This question is especially pertinent in the College of Built Environments, where many projects are design or research-based, thus making the extra five weeks afforded in the semester extremely important. Reaching a deeper level of depth and resolve in a project is largely based on the amount of time one has to complete it. Further, a larger number of high-ranking design schools are on the semester system, a variable that may very well affect the outcome of student’s work.

Many professors have addressed the issue of less time in each term period by adding work either before or after the quarter is over. This can either be accredited – through independent research, thesis prep type courses, research selectives – or entirely voluntary on the part of the student. Adding accredited coursework in bookending quarters also adds stress to a student’s current credit-load, oftentimes putting them over the maximum amount of credits, 18, before they have to pay extra tuition.

It appears on many different fronts that if the University of Washington were to adopt a semester approach to the school schedule, many solutions to tricky issues would present themselves. School rankings would increase due to the depth of projects and research, students would probably feel an elevation of time pressures, and the occurrence of overloading credits used for preparatory coursework would lessen. As far as design school is concerned, elongating school terms and dissipating the dizzying speed at which quarters pass seems to be a no-brainer.

A Gun tax: a new answer to our gun violence problem?

In the wake of last week’s school shooting, which is by some reckonings the US’s 28th mass shooting since the start of this year, the Nation is once again caught up in a debate about the sustainability of our National love-affair with guns.  It is clear when we look at the statistics on gun deaths and, particularly, mass shootings, that the USA stands far apart from the rest of the developed world in the degree to which our gun culture has compromised public health.

The US has a gun problem.  The US has the one of the highest rates of gun violence in the world—8 times higher than Canada and 27 times higher than Denmark.[1]  With casualties due to military armed conflict taken out, the US indeed has the highest rate of gun death per capita with only one exception, Iraq.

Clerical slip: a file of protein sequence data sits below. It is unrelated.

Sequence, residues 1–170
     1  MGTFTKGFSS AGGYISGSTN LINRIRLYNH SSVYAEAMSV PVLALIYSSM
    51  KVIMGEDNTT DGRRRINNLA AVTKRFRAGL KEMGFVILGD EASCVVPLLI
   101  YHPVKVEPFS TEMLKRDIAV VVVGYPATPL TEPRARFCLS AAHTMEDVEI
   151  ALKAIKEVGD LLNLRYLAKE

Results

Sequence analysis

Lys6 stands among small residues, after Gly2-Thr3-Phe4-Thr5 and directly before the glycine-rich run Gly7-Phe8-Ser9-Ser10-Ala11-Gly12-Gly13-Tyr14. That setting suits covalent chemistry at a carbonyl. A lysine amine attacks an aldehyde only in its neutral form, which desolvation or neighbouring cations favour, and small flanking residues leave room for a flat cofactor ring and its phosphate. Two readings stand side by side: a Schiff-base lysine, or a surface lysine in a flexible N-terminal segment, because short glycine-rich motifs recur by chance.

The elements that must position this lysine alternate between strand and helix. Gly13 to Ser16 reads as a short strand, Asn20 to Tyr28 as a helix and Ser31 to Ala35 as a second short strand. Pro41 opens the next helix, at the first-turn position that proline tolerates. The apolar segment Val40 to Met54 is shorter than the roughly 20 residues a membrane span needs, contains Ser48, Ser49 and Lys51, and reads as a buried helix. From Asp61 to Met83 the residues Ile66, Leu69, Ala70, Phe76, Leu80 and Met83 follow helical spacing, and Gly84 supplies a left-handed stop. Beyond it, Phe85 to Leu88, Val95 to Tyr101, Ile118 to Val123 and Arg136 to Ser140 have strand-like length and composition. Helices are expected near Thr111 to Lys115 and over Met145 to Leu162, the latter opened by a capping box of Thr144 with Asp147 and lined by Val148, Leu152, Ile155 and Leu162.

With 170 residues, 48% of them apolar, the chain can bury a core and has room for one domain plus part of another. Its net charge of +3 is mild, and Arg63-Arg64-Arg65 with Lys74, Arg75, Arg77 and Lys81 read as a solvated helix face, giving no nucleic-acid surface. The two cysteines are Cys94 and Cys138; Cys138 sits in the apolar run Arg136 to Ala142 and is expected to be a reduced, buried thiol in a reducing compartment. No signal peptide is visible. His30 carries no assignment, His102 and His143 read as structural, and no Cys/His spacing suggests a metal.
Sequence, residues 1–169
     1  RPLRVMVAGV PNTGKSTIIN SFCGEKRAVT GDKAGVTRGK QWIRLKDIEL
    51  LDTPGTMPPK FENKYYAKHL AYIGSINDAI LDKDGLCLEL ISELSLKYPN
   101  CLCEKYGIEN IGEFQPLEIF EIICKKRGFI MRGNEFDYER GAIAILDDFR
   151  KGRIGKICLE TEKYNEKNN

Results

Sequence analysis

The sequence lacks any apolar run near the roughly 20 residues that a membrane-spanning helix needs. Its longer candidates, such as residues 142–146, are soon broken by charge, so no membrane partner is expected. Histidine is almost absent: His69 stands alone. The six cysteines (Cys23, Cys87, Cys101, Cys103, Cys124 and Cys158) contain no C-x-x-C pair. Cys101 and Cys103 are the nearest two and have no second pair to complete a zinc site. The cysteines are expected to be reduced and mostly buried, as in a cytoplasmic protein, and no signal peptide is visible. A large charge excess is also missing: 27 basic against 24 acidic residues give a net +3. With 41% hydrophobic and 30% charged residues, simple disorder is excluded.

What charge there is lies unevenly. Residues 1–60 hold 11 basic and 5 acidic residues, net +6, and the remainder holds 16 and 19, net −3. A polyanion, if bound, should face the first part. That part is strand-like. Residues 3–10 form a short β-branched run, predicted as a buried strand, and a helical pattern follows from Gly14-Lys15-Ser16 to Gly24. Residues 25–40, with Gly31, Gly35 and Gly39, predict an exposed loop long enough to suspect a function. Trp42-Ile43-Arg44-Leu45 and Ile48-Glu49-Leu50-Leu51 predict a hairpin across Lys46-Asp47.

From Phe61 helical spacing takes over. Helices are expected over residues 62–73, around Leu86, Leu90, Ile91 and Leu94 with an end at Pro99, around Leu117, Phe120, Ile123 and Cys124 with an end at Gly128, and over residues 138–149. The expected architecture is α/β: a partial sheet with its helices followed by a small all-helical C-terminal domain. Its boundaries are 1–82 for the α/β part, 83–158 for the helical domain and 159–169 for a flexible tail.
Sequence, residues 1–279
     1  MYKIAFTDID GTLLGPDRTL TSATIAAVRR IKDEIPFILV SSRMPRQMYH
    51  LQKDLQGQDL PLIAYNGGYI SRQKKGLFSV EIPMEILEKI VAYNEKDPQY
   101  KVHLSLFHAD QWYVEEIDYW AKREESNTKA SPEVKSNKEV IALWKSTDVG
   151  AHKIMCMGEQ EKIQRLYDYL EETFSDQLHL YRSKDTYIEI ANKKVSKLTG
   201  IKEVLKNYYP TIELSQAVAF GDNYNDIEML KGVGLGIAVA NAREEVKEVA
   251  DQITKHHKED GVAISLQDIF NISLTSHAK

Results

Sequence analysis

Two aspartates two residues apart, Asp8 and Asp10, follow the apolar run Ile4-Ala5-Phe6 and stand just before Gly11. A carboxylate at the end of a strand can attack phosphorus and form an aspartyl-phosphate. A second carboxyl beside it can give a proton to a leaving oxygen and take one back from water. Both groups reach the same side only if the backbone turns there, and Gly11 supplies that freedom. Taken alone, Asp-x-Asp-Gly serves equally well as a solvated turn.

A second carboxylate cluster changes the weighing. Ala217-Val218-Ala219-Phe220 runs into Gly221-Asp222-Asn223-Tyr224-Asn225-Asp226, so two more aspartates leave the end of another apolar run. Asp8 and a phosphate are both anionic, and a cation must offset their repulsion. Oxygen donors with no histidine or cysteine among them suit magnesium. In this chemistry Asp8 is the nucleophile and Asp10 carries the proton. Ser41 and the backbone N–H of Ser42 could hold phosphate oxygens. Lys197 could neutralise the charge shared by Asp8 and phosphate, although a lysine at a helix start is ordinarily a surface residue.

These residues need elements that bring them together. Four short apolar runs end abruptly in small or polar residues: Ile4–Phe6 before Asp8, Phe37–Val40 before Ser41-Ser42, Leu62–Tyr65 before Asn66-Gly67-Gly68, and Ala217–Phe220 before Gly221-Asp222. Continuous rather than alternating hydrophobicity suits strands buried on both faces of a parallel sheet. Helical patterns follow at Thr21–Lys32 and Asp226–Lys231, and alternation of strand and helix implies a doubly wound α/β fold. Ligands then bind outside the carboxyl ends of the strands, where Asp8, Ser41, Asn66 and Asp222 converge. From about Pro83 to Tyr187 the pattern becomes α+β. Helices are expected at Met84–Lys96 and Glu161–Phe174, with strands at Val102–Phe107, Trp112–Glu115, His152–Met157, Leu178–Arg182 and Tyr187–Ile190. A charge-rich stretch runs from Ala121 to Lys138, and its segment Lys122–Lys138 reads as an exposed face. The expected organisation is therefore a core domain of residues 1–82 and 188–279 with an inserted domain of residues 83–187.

The debate has been centering on laws that would regulate who can purchase guns and what kinds of guns can be purchased.  But, while I support these regulations, I propose an additional approach.  I think we should tax guns as the public health danger that they are.  In addition to reasonable gun regulation, we should also tax firearms to decrease the commerce of this product.

A tax can be effective in reducing the consumption of a product.  Studies have shown that smokers consume fewer cigarettes when cigarettes are more expensive.[2]  This nudges smokers toward quitting a habit that compromises their health, and discourages kids from starting.  Likewise, imposing a national tax on guns would dis-incentivize purchasing guns and reduced overall consumption.

A tax will be accepted better by the public if they understand the problem it is addressing and the contribution the tax can have in solving the problem.  The proceeds from gun taxes could be used to fund a national education campaign on the dangers of guns and the importance of gun safety.  This is a strategy that has also been used effectively to reduce smoking among the population.  Education in conjunction with the tax could also help reinforce the importance of having a gun tax by informing the public further about the problem.

Reducing the number of firearms currently in circulation is also an important element of the problem not addressed by regulation.    Funds from the gun tax could be used to fund a gun buy-back program.  Australia used a gun buy-back program in combination with strict gun regulation effectively to reduce the number of guns in public use.  These efforts have been widely credited with a plummeting national rate of murder and suicide in the country.

Finally, while a tax on guns will still be challenging in today’s political environment, it is easier in one respect—it does not pose a problem with the Second Amendment.  The Second Amendment is an individual right to have arms for self defense.  Nothing in it prohibits taxing the sale of firearms, educating on the safe use of firearms, and buying back voluntarily surrendered firearms.  Thus, while I’m sure there would be political resistance to a gun tax (as there is with any tax), it should fare better against legal challenges than strict regulations have.

We have been around-and-around this gun control debate for so long, that we seem caught in a place where nothing can move forward.  Maybe this is why we need new answers.  A gun tax may be a new answer that can move us forward.

[1] “Gun violence: How the US compares with other countries,” Nurith Aizenman, NPR (2017);